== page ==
Little did I know that squat rack would become my siren call.
I hear it now, calling me, Hanna… Hanna… Grip me, that cold metal barbell says, perched all alluringly on its rack like a beautiful woman. Duck under me. You like that feeling, don’t you? Yes. Place me against you. Look at your own eyes in the mirror. Close them. Exhale. Open them. Tell yourself you’ve got this. Stand on your tip toes. Push me up. Step backward. Take me under your own control. Get set. Sink down. Explode up. Like there’s a great white shark under your ass (a personal favorite from my coach’s mouth). But at that time, ten months ago, the squat rack didn’t talk to me like that. It said, oh look, the rookie’s here. Damn right I’m a rookie, I said, but a yoga teacher I once had taught me, “do not despise the days of small beginnings.”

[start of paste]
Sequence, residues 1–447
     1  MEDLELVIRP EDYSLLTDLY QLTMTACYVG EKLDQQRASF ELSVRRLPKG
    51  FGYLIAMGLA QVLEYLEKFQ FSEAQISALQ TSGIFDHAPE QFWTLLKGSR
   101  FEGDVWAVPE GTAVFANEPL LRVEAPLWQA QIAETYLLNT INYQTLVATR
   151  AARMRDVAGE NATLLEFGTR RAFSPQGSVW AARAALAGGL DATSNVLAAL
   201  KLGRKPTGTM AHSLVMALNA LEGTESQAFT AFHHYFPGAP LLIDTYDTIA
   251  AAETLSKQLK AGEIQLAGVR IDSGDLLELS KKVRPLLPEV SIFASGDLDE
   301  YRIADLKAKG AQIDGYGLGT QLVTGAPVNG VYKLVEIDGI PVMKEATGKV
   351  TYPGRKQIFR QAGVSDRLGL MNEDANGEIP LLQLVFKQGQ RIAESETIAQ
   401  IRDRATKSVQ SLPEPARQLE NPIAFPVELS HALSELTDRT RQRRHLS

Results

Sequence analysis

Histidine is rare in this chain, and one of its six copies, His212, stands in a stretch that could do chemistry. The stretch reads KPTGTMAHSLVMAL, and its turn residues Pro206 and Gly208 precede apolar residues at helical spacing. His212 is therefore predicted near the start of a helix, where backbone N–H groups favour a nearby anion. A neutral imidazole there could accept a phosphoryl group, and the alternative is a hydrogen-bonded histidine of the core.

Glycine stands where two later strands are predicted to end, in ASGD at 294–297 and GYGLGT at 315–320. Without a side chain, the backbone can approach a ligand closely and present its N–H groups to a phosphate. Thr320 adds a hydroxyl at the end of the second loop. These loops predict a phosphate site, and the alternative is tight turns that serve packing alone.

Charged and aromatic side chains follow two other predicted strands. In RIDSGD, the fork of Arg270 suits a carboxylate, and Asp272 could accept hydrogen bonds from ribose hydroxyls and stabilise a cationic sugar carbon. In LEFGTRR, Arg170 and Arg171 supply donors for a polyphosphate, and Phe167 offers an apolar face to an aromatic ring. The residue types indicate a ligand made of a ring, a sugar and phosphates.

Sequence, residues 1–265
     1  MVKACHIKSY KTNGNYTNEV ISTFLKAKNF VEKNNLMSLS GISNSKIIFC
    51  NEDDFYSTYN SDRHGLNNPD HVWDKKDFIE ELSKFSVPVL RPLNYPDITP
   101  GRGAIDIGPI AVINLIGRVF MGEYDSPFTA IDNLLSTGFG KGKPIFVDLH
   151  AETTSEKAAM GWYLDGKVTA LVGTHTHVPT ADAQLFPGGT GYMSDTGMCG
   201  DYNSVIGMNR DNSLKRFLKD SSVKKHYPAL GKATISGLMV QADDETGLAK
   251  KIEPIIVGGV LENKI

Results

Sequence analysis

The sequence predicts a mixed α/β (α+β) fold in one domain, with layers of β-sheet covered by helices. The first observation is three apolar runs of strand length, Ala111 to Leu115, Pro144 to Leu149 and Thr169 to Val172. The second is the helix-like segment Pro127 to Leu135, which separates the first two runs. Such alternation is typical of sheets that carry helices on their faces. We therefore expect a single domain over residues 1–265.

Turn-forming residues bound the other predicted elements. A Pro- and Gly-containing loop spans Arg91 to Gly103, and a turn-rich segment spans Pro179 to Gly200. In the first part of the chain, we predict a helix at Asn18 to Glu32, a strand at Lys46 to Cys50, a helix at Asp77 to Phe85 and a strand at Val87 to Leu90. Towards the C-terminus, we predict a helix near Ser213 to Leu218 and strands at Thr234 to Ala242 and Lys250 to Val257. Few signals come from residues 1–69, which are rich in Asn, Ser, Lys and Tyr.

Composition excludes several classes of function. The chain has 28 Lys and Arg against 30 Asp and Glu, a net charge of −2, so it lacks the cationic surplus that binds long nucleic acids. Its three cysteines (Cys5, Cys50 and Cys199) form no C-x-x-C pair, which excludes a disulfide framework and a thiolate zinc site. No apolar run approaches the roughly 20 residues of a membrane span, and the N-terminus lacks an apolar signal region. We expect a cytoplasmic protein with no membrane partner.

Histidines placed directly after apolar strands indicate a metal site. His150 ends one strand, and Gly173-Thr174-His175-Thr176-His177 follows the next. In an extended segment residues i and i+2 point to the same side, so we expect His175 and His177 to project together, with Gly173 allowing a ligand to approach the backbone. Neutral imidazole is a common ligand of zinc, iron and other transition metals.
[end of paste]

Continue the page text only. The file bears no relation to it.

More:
The point of all this back story (and, God help me, there’s more) is this: when I reached for my first dumbbell, it was out of desperate hope that it might be my salvation. This would later turn into fierce dedication, but that treasure was yet to be discovered. What I want to cry out to you is this: I did not trip and fall into the gym already athletic, I did not skip in carefree. I was strong to a point, honed in a way from the skillful practice of the art of yoga, deeply body aware, but mentally weak (between my ears is still my weakest link). I did not slide in seamlessly amongst the Hammer Press machines and 45 pound plates, the confident girl, the ex-track star, a PR holder at my high school, no. I was the girl who got in a car accident at 17 and felt like she’d won the lottery when she got to, thanks to a note from her chiropractor, sit out of gym class for a marking period. All I had, and I realize this story parallels many people’s stories, was my willingness and my work ethic. Pretty soon my neighborhood gym was a thing of the past. My nerves and neuroses still walked over the threshold and the mud mat with me, but I started to crave the clanging, the people, the energy, the accountability, the inspiration. Enter: my coach. You may all know him here as a showmestrength guru, but all I knew him as was a guy who quite possibly may have had a backwards ball cap surgically attached to his head, but boy did he look like he knew what he was doing. Lone wolf that I am, hermit that I can tend to be, opening my space to him wasn’t exactly easy, but I am so glad he’s on my team now. He uses words like potential and athlete and strong, all in conjunction with my name. He’s taught me that you should never (ever) have hundred dollar shoes and a ten cent squat. He’s asked me to eat like I mean it, sleep like I mean it, treat myself like a Ferrari, feel the weight and commit to it, trust myself, trust him, that the greatest ones know how to turn it off and on like a light switch, and think act breathe dress walk talk like a major league player. I hear him in my head often. Coupled with his faith, intention, and eyes that can see things I can’t, I’ve held 200 pounds on my back and 300 pounds on my hips. I never knew I wanted a coach, I never knew that I needed one, but I did, and I do.